In complete disregard of a petition signed by more than 11,000 people and a report jointly released by Ontario Nature, the David Suzuki Foundation and the Kawartha Turtle Trauma Centre, the Ministry of Natural Resources (MNR) told us that hunting snapping turtles can continue even though the animal is listed under the Endangered Species Act.
Author: John Urquhart
People often ask Ontario Nature staff for advice about how to deal with situations that they encounter in nature. Whether putting out a bird feeder, planting native flowers or grasses, or choosing not to cut down the trees on your property, people are on the front lines of local conservation efforts more often than you might realize.
Question: How is it that the Ontario government can include snapping turtles on the provincial endangered species list while at the same time allowing, and even encouraging, the hunting of these long-lived reptiles?
Staff ecologist John Urquhart wondered this too, and put the issue to the Ministry of Natural Resources (MNR) last December. The response, which we received earlier this week, raises tough questions about MNR’s commitment to species protection.
May 9, 2010
It is hard to believe we’ve been working in the Lost Bay nature reserve for almost two weeks already. We spent the first week surveying the property and evaluating the habitat in terms of where we were most likely to find turtles and snakes. Three minutes into our first walk, we found a good sized male snapping turtle basking in the sun about 100 m from water! I wasn’t even planning on finding turtles at all that afternoon. Luckily I had a file and could mark its shell so we could identify it if we found it later. Our first turtle has notch code 12L. We proceeded to search for snake hibernacula and found a ribbon snake up on a rocky ledge. Thus within 10 minutes of entering the site we found two of the eight reptile at risk species we were searching for!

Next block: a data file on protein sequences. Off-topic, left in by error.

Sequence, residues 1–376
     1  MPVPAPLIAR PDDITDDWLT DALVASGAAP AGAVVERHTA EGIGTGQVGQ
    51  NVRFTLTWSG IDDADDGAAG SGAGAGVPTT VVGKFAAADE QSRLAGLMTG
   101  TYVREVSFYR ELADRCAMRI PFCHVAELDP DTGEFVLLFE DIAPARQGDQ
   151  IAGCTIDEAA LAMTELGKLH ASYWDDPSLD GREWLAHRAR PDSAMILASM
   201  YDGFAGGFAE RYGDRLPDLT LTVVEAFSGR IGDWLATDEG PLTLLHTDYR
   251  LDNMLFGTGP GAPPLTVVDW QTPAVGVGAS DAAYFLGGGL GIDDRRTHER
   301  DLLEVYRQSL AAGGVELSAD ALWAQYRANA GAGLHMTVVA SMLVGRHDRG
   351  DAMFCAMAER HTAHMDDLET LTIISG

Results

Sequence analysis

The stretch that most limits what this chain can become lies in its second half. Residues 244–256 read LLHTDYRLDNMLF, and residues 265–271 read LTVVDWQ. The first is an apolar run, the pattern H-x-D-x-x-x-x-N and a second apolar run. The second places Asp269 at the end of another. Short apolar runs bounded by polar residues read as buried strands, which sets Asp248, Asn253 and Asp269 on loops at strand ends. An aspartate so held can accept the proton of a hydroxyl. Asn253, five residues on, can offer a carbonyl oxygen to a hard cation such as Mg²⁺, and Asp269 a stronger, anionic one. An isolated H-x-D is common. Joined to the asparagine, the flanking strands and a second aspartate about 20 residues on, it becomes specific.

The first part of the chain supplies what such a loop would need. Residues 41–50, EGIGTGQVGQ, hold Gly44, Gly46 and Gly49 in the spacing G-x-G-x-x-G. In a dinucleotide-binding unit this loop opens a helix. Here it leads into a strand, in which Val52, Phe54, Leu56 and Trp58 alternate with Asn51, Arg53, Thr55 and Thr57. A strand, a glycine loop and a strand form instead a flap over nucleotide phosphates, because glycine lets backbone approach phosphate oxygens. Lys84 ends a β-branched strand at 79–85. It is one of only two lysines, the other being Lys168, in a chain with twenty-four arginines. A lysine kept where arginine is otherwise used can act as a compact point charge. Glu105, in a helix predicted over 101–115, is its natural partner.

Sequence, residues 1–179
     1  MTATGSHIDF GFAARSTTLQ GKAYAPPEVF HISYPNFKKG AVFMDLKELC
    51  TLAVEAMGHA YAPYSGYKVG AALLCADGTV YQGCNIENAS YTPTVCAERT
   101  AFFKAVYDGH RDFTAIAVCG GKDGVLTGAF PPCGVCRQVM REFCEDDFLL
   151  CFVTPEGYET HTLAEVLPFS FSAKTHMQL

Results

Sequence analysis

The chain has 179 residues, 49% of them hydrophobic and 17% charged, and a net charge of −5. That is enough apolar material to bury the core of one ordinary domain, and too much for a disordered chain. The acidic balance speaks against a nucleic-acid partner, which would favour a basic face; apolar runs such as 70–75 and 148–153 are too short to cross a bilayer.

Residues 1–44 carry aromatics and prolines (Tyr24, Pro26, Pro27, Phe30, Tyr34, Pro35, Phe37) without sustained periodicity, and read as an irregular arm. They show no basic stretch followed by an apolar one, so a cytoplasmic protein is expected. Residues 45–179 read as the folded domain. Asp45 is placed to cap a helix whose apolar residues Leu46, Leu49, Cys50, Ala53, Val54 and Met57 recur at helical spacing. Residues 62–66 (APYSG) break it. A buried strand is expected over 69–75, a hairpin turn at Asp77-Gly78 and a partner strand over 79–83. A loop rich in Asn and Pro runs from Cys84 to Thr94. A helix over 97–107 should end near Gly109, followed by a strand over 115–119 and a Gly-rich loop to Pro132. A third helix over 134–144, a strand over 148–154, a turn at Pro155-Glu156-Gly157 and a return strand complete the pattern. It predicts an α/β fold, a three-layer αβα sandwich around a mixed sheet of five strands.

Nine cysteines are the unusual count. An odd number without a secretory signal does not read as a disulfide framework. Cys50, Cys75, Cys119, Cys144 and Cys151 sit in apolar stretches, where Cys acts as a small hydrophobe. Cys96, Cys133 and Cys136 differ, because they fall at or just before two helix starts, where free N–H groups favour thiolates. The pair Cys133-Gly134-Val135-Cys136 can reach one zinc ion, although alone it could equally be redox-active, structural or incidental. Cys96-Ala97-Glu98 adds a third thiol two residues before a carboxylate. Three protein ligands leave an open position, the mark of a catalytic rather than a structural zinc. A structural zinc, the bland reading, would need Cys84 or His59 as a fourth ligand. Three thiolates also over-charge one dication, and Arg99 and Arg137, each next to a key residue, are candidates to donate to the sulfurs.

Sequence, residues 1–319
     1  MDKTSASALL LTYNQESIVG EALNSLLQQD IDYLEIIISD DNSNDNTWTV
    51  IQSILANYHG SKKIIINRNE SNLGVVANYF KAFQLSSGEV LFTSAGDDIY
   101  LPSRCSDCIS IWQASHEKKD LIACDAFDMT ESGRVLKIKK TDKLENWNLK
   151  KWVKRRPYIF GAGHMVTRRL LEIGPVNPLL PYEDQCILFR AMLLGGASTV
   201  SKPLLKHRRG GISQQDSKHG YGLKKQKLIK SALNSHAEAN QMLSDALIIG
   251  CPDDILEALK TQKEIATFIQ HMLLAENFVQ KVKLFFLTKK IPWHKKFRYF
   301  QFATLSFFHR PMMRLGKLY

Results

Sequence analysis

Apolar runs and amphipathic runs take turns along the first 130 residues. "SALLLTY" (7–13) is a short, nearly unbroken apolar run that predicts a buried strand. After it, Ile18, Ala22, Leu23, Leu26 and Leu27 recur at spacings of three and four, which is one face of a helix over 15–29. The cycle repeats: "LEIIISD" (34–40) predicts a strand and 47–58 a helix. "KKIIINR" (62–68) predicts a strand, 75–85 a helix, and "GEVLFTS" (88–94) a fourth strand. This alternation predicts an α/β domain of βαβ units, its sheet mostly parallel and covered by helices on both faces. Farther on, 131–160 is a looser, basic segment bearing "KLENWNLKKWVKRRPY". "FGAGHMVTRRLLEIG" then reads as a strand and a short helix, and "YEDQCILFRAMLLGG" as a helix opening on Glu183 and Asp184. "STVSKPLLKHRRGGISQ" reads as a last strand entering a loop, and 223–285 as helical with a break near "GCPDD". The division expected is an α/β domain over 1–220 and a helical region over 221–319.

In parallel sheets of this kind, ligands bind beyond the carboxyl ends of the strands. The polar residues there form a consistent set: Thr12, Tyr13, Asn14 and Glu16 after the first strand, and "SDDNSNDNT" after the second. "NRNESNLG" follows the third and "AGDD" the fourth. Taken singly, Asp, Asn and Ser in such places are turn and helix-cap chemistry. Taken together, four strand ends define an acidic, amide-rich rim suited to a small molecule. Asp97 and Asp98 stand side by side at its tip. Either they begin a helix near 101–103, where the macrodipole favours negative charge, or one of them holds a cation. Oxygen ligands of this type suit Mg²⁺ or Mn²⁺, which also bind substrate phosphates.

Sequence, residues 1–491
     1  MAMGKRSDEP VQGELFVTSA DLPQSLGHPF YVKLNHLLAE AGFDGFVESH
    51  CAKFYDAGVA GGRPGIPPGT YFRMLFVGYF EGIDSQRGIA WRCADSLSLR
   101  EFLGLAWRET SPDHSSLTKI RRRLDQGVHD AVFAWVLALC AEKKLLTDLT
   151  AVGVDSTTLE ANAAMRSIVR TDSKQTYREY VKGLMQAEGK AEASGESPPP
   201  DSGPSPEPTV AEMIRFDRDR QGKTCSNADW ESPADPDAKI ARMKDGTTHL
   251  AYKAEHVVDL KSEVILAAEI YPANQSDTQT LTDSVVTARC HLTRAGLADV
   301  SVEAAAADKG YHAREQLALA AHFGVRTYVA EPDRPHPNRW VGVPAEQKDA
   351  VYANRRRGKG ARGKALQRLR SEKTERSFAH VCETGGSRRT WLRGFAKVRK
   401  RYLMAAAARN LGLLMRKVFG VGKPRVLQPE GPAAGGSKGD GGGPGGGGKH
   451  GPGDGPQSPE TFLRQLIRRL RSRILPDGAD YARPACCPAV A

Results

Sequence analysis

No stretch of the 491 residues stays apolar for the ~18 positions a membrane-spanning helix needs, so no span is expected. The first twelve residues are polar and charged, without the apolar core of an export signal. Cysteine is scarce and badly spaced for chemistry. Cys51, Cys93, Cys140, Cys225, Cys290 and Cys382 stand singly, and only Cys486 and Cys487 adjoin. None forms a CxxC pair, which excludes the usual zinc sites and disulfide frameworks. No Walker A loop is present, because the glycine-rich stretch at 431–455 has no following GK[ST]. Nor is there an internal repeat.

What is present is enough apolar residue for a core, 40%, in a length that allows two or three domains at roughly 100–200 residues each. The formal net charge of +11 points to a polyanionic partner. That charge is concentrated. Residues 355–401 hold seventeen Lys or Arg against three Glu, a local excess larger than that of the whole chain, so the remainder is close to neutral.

John Urquhart – Staff Ecologist
John joined Ontario Nature in July 2009 as the reptile and amphibian atlas intern. He completed a B.Sc. of Environmental Science in ecology and an M.Sc in zoology. John has worked on conservation, education and stewardship projects for government and non-profit organizations. Prior to joining Ontario Nature, he also participated in numerous monitoring and field research projects that focused on reptiles and amphibians.